DAG said...

Al said...

Well, regarding being a trucker, I don't know about Teamster regulations, but the owner-operators (called "gypsies" derogatorily by Teamsters, make their own hours and are paid by the mile. Deliveries/Pickups are Monday-Friday, so whether you run your haul through the weekend, or stop in a truck stop for Shabbat and resume driving Saturday night and haul through Sunday is really none of their concern.

Working for a shipping company is going to depend, like the rest of the world, on presentation. "I don't work Saturdays" communicates "I don't work weekends" to people that work a Monday - Saturday business. My wife works in an accounting firm that has "mandatory" Saturday hours during tax season. When she interviewed she told them that she's an observant Jew and doesn't work Saturdays, but she works Sundays... nobody cared.

The law requires reasonable accommodation, a 6 day/week job will require working Sundays instead of Saturdays, and usually is reasonable. OTOH, showing up dressed like a Hassid gives them an invitation to discriminate, tucking your tzitzit in and putting on a trucker hat when meeting about a job goes a long way.

Regarding the schools... we need to accept that insolvent ones need to fail. Is the model completely "broken?" Probably, are some schools mismanaged more than others, absolutely. If we let the market handle it, the mismanaged ones will fail first, the best managed ones will probably survive. We probably won't be able to maintain a 90% Day School/Yeshiva enrollment rate, but maybe the market will support 50%... if we keep bailing out the mismanaged ones, we may find that we can't support more than 10% because the communal resources are being wiped out on the failures.

Giving a dollar to a mismanaged school that wastes 50% of the money means only helping with 50%. Letting them fail and give money to a well managed school that only wastes 10% not only keeps 40 cents in education, but lets the mismanaged one fail and their students move to better managed ones.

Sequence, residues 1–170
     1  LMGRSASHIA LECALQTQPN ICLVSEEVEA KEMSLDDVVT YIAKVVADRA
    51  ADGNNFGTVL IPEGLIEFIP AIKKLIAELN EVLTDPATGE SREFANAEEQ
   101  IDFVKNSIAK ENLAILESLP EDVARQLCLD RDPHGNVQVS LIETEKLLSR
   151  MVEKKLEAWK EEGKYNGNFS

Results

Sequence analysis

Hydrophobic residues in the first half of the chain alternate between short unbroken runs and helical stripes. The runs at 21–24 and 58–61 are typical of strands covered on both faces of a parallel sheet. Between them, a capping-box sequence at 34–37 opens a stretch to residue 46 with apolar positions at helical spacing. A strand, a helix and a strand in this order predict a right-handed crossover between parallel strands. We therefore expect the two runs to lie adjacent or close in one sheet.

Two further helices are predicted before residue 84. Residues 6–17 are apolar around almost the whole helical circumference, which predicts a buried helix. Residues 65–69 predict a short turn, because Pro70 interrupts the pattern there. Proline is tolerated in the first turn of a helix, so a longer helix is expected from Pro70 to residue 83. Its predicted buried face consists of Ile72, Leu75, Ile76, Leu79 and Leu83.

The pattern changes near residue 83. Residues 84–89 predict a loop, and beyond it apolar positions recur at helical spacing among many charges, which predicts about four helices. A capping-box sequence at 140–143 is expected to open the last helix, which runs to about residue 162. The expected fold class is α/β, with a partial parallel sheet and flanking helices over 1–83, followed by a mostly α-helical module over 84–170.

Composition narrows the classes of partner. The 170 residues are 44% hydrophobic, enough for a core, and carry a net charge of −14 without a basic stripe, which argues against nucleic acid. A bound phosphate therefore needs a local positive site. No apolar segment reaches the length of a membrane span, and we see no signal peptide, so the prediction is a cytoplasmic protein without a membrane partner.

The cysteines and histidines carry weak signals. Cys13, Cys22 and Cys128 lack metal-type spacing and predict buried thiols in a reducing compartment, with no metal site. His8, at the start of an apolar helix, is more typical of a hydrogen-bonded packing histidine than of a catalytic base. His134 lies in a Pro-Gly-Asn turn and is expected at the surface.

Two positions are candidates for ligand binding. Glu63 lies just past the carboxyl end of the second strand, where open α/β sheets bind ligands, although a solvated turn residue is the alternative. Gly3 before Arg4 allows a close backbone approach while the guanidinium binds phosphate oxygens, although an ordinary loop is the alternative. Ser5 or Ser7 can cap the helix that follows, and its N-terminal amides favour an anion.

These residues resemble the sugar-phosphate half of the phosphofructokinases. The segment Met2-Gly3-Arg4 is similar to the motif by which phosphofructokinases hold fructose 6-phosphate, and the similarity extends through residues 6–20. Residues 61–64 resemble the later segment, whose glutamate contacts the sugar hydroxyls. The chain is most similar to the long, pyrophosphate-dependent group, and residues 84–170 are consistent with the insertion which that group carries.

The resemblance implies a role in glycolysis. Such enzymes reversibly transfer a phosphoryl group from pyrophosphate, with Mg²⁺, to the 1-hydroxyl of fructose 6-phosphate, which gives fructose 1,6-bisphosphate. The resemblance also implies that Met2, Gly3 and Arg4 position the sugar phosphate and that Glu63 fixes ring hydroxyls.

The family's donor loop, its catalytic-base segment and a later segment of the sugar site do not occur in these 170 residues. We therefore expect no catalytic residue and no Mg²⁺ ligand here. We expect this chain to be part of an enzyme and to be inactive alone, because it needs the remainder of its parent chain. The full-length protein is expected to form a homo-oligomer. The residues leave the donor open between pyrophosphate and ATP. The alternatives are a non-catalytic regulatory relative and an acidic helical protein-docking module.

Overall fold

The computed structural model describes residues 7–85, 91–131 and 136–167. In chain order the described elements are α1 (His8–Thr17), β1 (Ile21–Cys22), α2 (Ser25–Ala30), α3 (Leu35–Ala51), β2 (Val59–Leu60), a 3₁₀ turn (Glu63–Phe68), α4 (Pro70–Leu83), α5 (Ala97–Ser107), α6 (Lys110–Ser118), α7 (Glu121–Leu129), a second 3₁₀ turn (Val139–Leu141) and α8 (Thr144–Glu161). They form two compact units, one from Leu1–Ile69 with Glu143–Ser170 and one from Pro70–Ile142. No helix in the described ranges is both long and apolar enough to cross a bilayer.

Regarding Touro... I understand that the degree selling was a small number of renegade employees. I've never heard of other schools having this problem, so either it's anti-semetic newsmedia, or something about Touro caused a lack of controls in the system that allowed this to go on. Either way, it casts a negative light on all Touro degrees and devalues them, that's how college degrees work.

I don't know the New York University world that well, but I'd imagine that Touro, as a private school, it is more expense that the state/city options. For New York residents, CUNY is $2000/semester, Touro is $5900/semester, is the Touro degree more valuable?

Last I looked, Yeshiva University was the bottom of the first tier, and Touro was unranked... not a ringing endorsement of the "premier" education environments for our private school educated children.

DAG said...

Touro is 3rd Tier

ProfK said...

Well, I have one reason for why some teachers don't quit when their paychecks are delayed. A friend I met today has a daughter teaching in a school that is behind on payment. However, they have kept up the payments for the health insurance plan they offer. Since the family is insured through this plan, the daughter isn't quitting. May not apply in all schools, but where it does it makes sense to stay put until you have another position.

SephardiLady said...

ProfK-You make a good point, one I'm sorry I didn't think of.

I imagine this is one more area of great vulnerability for teachers as their husbands are often in kollel (no income or health plan) or are Rebbeim in the schools and probably don't want their wives making a huge stink because it reflects on them too.

Problems, problems. No great solutions. At least the school year is coming to a close.